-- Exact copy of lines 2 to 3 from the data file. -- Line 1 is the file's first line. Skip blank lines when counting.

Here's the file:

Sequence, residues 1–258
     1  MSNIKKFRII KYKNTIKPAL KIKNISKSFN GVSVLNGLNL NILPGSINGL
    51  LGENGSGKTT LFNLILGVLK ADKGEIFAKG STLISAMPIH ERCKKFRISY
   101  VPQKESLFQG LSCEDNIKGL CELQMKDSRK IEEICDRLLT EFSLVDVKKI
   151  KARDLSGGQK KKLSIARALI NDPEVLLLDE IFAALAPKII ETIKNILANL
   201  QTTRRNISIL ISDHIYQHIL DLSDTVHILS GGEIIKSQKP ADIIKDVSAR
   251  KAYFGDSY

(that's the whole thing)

     1  MSNIKKFRII KYKNTIKPAL KIKNISKSFN GVSVLNGLNL NILPGSINGL
    51  LGENGSGKTT LFNLILGVLK ADKGEIFAKG STLISAMPIH ERCKKFRISY